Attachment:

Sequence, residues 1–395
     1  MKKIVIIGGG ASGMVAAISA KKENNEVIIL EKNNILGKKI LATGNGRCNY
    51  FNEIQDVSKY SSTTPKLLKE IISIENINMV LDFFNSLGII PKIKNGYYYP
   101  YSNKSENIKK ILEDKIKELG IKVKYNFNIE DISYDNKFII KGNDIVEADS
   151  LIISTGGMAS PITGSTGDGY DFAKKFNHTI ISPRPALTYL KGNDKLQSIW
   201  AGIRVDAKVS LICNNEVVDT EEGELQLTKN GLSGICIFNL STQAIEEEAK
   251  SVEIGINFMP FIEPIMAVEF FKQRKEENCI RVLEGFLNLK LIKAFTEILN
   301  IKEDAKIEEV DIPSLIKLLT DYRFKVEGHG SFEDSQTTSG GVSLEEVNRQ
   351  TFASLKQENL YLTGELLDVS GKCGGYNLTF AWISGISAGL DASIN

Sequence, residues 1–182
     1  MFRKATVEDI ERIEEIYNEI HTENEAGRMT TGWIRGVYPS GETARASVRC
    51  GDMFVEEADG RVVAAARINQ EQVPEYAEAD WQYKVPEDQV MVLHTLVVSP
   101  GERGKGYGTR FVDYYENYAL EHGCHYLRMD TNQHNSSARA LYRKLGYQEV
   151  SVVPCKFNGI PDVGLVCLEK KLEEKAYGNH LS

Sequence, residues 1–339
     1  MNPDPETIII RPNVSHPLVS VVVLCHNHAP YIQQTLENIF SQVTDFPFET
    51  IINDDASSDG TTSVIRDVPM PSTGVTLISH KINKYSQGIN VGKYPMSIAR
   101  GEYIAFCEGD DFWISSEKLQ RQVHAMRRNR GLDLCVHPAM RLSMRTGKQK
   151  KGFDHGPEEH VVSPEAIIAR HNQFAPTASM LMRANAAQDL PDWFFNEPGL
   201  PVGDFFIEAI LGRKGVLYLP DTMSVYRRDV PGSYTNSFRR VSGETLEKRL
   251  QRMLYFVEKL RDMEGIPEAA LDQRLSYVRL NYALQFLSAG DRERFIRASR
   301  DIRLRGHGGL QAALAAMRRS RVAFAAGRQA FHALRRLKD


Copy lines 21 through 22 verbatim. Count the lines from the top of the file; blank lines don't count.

   251  QRMLYFVEKL RDMEGIPEAA LDQRLSYVRL NYALQFLSAG DRERFIRASR
   301  DIRLRGHGGL QAALAAMRRS RVAFAAGRQA FHALRRLKD